By On April 3rd, 2008

Runner’s high confirmed

Most people are familiar with the concept of “runner’s high.” For those that are not intimately acquainted with the concept of runner’s high, individuals who participate in high endurance and, or, high intensity running often report feelings of euphoria after or during these activities. However, until recently there has not been a way to test the claims that runners have long made about this mood altering state.

The hypothesis of a runner’s high has not been tested because the only available technology to test the concept would have involved a spinal tap to measure endorphins in the brain. However, recently a group of German scientists used PET scans in conjunction with new chemicals that show endorphins in the brain to test the validity of runner’s high. The study, which was reported in the journal Cerebral Cortex, confirmed the long time reports of runner’s high. The following is an excerpt of an article from the New York Times that discusses the study and runner’s high in general:

But now medical technology has caught up with exercise lore. Researchers in Germany, using advances in neuroscience, report in the current issue of the journal Cerebral Cortex that the folk belief is true: Running does elicit a flood of endorphins in the brain. The endorphins are associated with mood changes, and the more endorphins a runner’s body pumps out, the greater the effect.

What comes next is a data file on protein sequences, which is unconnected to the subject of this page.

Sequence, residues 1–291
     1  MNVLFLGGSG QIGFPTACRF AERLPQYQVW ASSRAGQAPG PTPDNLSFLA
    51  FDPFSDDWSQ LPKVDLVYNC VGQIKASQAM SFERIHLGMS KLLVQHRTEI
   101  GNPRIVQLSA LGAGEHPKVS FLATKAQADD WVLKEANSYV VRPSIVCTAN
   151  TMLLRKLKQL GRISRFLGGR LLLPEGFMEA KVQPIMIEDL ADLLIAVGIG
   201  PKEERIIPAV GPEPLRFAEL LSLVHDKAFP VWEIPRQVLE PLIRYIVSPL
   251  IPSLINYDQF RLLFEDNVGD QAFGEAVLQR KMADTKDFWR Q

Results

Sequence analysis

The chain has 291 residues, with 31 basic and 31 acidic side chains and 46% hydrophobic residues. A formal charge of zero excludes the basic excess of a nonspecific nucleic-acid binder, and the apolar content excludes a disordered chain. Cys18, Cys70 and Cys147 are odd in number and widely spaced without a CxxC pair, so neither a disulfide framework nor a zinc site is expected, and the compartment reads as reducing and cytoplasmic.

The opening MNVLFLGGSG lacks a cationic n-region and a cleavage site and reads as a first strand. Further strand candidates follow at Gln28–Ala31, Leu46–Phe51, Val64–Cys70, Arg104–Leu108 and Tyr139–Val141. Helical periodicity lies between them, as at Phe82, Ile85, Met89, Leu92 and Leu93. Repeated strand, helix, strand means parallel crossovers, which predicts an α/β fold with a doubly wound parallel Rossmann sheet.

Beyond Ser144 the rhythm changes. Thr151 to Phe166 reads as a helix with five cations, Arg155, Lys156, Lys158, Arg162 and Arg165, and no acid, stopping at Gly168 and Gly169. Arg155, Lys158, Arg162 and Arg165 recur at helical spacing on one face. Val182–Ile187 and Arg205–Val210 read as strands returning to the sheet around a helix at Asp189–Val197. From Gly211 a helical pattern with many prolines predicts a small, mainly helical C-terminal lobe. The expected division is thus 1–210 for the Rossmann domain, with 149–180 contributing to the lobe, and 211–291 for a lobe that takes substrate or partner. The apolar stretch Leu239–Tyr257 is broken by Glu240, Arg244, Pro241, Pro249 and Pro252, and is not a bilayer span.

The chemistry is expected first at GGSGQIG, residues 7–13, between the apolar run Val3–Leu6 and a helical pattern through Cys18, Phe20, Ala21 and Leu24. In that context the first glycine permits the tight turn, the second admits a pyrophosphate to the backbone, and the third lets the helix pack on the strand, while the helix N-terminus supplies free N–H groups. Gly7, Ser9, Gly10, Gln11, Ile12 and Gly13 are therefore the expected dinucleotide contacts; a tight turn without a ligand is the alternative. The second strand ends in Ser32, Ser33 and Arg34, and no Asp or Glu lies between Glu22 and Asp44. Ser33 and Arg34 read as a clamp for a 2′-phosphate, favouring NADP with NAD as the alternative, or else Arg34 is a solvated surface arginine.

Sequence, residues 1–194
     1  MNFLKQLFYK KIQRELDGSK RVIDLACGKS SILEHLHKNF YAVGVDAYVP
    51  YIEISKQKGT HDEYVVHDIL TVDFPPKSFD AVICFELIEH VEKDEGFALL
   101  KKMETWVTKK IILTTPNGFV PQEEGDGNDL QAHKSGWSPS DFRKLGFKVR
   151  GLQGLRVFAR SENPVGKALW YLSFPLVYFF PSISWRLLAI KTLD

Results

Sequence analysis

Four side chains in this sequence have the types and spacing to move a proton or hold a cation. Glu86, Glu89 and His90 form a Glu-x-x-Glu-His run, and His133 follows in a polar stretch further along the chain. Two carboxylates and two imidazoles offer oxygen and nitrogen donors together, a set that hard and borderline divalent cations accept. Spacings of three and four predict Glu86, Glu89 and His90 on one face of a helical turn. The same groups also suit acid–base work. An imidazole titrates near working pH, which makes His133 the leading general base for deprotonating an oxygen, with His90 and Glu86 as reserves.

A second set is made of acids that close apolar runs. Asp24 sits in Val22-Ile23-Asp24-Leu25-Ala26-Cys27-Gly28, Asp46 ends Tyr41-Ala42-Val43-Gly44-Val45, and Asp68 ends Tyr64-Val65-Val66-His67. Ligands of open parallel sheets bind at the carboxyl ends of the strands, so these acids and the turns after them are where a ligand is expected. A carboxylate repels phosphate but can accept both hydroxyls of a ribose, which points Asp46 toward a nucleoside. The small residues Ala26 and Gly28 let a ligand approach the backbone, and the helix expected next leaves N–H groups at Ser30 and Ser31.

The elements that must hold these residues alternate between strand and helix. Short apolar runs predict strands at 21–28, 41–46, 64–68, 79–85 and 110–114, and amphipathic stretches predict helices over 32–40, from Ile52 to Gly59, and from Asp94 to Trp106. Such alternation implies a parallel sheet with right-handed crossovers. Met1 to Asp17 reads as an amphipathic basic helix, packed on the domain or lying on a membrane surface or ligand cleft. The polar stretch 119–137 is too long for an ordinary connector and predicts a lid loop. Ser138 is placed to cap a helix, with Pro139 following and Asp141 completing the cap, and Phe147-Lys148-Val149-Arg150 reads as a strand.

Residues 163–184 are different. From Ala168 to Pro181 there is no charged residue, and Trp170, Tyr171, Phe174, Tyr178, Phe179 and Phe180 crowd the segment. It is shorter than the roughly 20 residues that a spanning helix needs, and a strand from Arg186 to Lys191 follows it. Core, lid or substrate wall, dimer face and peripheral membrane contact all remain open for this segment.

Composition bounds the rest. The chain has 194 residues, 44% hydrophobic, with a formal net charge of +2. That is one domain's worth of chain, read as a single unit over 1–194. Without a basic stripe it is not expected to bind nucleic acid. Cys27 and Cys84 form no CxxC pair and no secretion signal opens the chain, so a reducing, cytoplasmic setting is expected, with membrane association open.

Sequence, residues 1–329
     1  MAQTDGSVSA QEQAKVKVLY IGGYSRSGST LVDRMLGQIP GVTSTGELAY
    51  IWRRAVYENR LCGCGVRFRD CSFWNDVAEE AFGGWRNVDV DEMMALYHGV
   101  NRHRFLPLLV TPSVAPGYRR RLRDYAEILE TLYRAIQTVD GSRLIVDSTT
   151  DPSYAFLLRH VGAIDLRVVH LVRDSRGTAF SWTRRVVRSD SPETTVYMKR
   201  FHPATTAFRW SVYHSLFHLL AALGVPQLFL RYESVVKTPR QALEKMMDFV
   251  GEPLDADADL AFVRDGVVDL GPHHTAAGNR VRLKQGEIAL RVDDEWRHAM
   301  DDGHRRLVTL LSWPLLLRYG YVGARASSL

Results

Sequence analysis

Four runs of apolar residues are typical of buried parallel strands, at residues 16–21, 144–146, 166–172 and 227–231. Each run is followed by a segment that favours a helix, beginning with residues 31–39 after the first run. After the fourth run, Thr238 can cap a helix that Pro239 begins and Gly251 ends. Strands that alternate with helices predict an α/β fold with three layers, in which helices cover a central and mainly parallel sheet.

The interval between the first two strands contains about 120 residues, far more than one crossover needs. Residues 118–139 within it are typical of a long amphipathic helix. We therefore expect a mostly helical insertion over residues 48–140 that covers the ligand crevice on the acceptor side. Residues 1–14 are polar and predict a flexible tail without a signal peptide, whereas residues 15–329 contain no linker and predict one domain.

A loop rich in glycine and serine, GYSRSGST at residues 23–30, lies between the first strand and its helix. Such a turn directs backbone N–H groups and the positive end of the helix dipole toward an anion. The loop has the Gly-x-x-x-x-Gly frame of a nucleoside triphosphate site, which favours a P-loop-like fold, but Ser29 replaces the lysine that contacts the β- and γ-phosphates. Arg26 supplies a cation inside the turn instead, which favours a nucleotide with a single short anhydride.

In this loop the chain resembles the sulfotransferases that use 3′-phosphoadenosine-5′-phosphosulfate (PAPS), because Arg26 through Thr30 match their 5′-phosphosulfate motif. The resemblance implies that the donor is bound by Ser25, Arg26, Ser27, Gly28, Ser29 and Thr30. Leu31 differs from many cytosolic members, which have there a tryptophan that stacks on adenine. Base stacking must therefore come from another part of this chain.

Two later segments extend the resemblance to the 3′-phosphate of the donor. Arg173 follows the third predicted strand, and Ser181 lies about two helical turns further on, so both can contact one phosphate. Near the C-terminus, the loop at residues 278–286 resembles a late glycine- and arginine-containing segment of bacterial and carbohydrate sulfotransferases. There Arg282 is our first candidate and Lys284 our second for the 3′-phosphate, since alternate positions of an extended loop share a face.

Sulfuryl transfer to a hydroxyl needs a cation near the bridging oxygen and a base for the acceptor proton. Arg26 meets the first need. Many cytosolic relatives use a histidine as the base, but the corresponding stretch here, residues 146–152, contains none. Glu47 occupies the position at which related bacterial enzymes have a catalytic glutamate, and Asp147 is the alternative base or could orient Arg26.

Leading endorphin researchers not associated with the study said they accepted its findings.

“Impressive,” said Dr. Solomon Snyder, a neuroscience professor at Johns Hopkins and a discoverer of endorphins in the 1970’s.

“I like it,” said Huda Akil, a professor of neurosciences at the University of Michigan. “This is the first time someone took this head on. It wasn’t that the idea was not the right idea. It was that the evidence was not there.”

For athletes, the study offers a sort of vindication that runner’s high is not just a New Agey excuse for their claims of feeling good after a hard workout.

For athletes and nonathletes alike, the results are opening a new chapter in exercise science. They show that it is possible to define and measure the runner’s high and that it should be possible to figure out what brings it on. They even offer hope for those who do not enjoy exercise but do it anyway. These exercisers might learn techniques to elicit a feeling that makes working out positively addictive.

Click here to read the rest of this article from the New York Times

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